Betta fish approach their prey while swimming sideways. Betta fish are primarily carnivorous surface feeders that consume zooplankton, crustaceans, the larvae of mosquitoes and other water-bound insects.
The betta fish, also known as a Siamese fighting fish, is a species in the gourami family. They are native to the Mekong basin of Thailand, Laos, Cambodia and Vietnam. These fish are found in standing waters of canals, rice paddies and floodplains. They are called "pla-kad" (biting fish) in Thai and "trey krem" in Khmer.
Betta fish grow to a length of about 2.6 inches. Although domestic varieties come in vibrant colors, wild bettas are usually dull green, brown or grey. Male betta fish flare their gills, twist their bodies and spread their fins if interested in a female. Females darken in color and curve their bodies back and forth as a response. Males build a bubble nest for any potential eggs.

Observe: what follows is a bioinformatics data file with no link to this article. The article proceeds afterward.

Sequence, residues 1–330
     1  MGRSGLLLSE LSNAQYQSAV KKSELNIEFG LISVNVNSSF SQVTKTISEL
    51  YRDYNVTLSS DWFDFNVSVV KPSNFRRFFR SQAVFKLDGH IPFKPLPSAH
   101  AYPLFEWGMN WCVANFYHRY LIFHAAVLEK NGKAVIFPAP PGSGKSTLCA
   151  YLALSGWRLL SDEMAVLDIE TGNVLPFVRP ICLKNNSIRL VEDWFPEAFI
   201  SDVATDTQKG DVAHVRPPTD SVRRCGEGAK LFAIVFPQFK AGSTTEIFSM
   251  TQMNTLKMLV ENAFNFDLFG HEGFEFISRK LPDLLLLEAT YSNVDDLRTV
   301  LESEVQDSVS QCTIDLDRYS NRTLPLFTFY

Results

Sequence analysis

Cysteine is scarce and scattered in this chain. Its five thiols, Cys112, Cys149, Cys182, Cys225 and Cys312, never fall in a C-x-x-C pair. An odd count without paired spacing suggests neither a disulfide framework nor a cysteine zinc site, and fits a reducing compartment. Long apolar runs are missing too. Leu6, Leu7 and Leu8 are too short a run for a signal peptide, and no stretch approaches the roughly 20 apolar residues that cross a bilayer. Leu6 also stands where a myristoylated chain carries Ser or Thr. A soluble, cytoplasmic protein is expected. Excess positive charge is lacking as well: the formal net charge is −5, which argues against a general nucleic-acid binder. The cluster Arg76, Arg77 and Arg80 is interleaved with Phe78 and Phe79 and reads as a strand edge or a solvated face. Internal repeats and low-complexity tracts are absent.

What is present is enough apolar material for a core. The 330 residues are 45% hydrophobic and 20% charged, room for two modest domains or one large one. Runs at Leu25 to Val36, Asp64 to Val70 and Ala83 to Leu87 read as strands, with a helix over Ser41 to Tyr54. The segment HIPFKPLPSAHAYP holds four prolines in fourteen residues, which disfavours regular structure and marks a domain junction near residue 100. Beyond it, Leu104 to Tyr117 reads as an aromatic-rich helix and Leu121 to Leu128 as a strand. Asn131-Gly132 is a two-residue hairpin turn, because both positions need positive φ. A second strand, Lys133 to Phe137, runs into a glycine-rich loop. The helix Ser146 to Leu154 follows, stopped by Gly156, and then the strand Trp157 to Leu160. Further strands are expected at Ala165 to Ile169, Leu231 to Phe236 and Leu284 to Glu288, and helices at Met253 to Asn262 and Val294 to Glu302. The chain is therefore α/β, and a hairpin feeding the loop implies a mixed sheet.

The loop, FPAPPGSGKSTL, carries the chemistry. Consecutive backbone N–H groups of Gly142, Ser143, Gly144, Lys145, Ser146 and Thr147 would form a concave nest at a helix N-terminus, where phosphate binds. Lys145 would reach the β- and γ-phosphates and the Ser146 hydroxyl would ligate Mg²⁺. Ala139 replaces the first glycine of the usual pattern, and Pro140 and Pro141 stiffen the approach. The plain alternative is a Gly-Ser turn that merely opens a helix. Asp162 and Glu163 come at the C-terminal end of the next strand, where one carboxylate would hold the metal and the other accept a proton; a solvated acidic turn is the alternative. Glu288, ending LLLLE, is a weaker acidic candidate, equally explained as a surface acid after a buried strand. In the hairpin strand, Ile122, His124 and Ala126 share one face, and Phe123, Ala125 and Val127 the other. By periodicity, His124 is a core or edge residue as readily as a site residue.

In the wild, betta fish consume primarily mosquito larvae and a small amount of vegetable matter. Despite the flashy fighting behavior between males that bettas are famous for, betta fish do not have flashy hunting behaviors because their prey does not run away. The diet of domestic betta fish includes live blood worms, brine shrimps and fish pellets.